In certain sunlight, the craggy tops of the Himalayas look as delicate as roses. I enjoyed Matthieu Ricard’s book of photographs, Motionless Journey, taken when he lived there for a year on retreat. (M. Ricard is a Buddhist monk and French translator for His Holiness the Dalai Lama.) His book records the beauty of many moments in the same place.
It inspired me to look at my own everyday places with the same attentive, present looking. Less dramatic than his, one of mine is the Fens, the elongated, scruffy, lovely park in my neighborhood.
Early in the morning, first light is a rich pink grapefruit color, carried overhead on the bellies of herring gulls while I still walk in twilight. But later in the morning, when the light has found its daytime sharpness, it can catch a flock of pigeons on their pale bellies, and be stark white instead of soft rose, erasing their dark backs from view. A flock of thin white butterflies appears.
Another day, leaning over the stone bridge, I found the great blue heron on a snaky log just a couple of feet below me. It heard me coming, but I was startled and thrilled to look right into that ringed yellow eye. Then it flew off, a little disdainfully I think, all bent wires and slow grace. Later, on a smaller bridge where I like to pause, I met a male mallard’s dark eye, as it stood by its sleeping mate. We looked. No thought, nothing imagined, no blog in the making. Two Beings. Or one. There was only the looking.
I think of that moment of stillness when I remember standing in that spot to watch two mini-flocks of Canadian geese approach just above me, from opposite directions. Just above me. Opposite directions. I think I panicked before they did, but suddenly the honking started from both sides, Boston morning rush hour in flight. It grew more intense, but neither group veered into another path. I don’t know why. Ever heard the sound of two small-grazing-animal-size birds crashing overhead? Feathers shmeathers. That was muscle colliding in that epic thud. No one was injured, except their dignity. They flew on, leaving a violent, charged memory in one of my most peaceful places.
Even the Muddy River, sinewy as it is, changes. When gulls are the rose fingers of dawn (thank you, Homer), the river is still the night sky. Later on a fall morning, the wind plays rhythm on the surface, spinning the reflection of wood-colored reeds into a windmill. After an autumn rain, the river rushes at its center where the current flows. The brown and beige oak leaves get caught in that flow, creating a second river of leaves. Or Muddy seems to arch a backbone of spiky brown fur.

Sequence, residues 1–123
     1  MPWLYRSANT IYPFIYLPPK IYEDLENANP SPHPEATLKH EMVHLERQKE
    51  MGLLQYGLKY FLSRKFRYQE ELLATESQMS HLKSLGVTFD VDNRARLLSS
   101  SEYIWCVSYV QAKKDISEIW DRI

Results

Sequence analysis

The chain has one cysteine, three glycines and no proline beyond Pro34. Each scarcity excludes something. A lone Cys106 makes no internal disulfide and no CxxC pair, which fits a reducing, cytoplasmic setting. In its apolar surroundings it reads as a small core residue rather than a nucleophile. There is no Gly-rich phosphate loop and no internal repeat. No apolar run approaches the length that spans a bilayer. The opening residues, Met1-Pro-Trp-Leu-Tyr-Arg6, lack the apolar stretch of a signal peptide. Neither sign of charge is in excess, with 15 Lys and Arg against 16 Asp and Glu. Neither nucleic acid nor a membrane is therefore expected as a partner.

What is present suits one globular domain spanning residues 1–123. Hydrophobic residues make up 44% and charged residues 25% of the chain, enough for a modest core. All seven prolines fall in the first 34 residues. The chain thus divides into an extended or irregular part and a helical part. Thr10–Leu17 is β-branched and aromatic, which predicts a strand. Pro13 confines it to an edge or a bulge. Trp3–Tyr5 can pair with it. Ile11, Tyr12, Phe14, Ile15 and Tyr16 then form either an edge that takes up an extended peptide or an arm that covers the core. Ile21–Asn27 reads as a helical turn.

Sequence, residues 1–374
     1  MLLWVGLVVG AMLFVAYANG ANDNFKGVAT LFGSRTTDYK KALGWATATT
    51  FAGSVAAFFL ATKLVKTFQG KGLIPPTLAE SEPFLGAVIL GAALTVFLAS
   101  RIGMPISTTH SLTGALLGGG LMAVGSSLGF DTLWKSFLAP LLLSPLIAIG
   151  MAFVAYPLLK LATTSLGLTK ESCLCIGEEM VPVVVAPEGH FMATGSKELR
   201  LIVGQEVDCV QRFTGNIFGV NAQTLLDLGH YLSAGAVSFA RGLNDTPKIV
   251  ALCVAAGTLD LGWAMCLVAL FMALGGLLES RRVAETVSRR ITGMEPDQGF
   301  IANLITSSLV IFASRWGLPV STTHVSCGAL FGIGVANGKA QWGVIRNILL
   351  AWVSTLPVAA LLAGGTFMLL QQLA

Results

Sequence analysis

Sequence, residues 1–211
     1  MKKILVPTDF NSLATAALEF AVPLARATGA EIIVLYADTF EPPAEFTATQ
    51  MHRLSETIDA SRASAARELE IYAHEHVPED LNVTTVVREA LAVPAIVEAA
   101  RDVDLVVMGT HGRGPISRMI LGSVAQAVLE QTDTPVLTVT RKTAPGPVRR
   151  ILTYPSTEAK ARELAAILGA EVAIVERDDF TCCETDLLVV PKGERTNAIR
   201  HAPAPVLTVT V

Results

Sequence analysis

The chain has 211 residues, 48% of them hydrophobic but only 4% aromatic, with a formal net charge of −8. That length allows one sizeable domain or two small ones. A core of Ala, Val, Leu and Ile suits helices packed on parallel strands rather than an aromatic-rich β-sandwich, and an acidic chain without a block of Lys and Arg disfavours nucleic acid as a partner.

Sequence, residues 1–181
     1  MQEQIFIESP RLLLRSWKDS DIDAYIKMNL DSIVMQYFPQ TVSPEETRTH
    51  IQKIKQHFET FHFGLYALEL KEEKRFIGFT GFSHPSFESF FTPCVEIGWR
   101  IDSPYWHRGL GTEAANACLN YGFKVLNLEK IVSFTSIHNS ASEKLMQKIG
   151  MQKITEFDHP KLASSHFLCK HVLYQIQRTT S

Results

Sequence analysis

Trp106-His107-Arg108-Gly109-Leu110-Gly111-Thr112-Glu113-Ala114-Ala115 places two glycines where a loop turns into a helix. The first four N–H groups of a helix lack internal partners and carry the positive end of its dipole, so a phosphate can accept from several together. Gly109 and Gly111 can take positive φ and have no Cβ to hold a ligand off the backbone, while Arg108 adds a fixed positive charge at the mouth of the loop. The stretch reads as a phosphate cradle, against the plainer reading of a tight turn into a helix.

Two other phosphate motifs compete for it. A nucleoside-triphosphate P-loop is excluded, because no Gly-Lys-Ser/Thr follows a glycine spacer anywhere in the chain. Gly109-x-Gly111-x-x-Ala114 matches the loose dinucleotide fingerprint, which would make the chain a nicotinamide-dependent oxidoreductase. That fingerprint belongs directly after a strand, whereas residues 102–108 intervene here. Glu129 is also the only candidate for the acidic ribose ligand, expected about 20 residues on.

In winter, on a colder, quieter morning, the windmill site is a frosted window hiding a sleeping house, and the reeds are stuck together and crushed down like a sagging haystack. Nothing moves but my eyes.
Except on the morning of our recent Nor’easter, when the river’s surface spread like crisp sheets of paper scattering in the wind. The ducks looked blown one way by the flapping of the wind gusts and driven another by the choppy water. They and I opened our eyes wide at the world, and they moved on into the silver-gray beauty of the storm. Before I did the same, I held the railing of the bridge and felt it shake and hum. As an ancient wrote:
When I pass over the bridge,
Lo, the water floweth not, but
the bridge doth flow.
Change is the world’s breath. A CPT can go with the flow and experience endless Creativity. I will take the time and attention to look. To resist the dark clamor of our days now. Because of it. It will not control my mind or my spirit. I will walk back toward reality, toward the world, and write down what I see.